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June 11th, 2017, 08:04 PM   #1
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Question What class should I choose?

For the fall I am currently enrolled in:

Vector calculus
an intro to Java(Data structures)
Linear Optimization


I have to add 1 more class. I am choosing between Advance Calc. and Intro to Abstract math and proofs.

These are the course descriptions of each.

Advance Calc: Calculus of several variables; Jacobian, inverse and implicit function theorems, contracting mapping theorem, change of variables in integration and applications.

Intro to abstract math/proofs: The purpose of this course is to develop students' mathematical maturity and skill with proofs. Material covered will include logic; set theory including functions, relations, and cardinality; the real number system, including the completeness axiom; and selected topics.


I really want to take the intro to proofs course, but it seems like a lot to manage AND Advance Calc. is being taught by a teacher who I know is an easy grader.

So what do you think I should do? If I were to take the intro to proof course, what can I expect in terms of hours/week?

Last edited by skipjack; June 11th, 2017 at 11:21 PM.
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June 11th, 2017, 08:17 PM   #2
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So what do you think I should do? If I were to take the intro to proof course, what can I expect in terms of hours/week?
Most institutions will usually give an indication on 'recommended study hours' per week for a subject. Maybe try to get access to the course/unit outline for those subjects for more details. However, these recommendations can be very unrealistic depending on your skill level.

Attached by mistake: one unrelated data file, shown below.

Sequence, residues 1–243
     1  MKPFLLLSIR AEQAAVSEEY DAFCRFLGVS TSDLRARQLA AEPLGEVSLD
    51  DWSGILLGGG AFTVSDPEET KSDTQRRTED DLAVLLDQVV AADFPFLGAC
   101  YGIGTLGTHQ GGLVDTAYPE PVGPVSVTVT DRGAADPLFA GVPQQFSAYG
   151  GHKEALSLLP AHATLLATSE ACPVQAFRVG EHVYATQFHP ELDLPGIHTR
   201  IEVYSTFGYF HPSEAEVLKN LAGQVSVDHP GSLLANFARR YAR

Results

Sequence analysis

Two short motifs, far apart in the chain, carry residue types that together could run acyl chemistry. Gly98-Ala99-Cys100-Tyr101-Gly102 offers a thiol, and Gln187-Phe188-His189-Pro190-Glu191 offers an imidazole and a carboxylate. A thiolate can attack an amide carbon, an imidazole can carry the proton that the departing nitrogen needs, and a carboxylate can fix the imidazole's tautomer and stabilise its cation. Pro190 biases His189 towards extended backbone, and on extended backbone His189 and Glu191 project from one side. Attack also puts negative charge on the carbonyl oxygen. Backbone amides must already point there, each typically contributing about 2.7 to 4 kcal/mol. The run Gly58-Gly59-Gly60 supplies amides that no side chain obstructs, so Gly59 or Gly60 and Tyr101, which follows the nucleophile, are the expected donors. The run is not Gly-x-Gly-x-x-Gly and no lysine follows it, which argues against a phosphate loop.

You need to assess your strengths and weaknesses out of the subjects you have already chosen, and determine which ones you think will consume the most time.

Some programming subjects can be relatively easy conceptually, but often have a large work load due to the amount of coding you need to do and spend time on, so that is something to think about also.
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June 11th, 2017, 08:30 PM   #3
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Isn't vector calculus the same as calc of several variables? You'd be duplicating most of the material.

Is Java your first programming course? Programming is VERY time-intensive. It's a heavy load to add abstract algebra to all that. Frankly if it were me I'd take something easy, fulfill one of your liberal arts prereqs or something.

ps -- Sorry I read that wrong. It's intro to proofs, not abstract algebra. If you have any "mathematical maturity" as they say, this course will be easy for you. Maybe take that one.
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June 11th, 2017, 09:11 PM   #4
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Thank you for the responses. Unfortunately, I finished all my gen ed. requirements..

I don't expect the programming course to be hard conceptually, because the school provides tutoring workshops which are designed to help you get a good grade, but I get where you are coming from. I expect it to take at least 6 hours per week maybe more.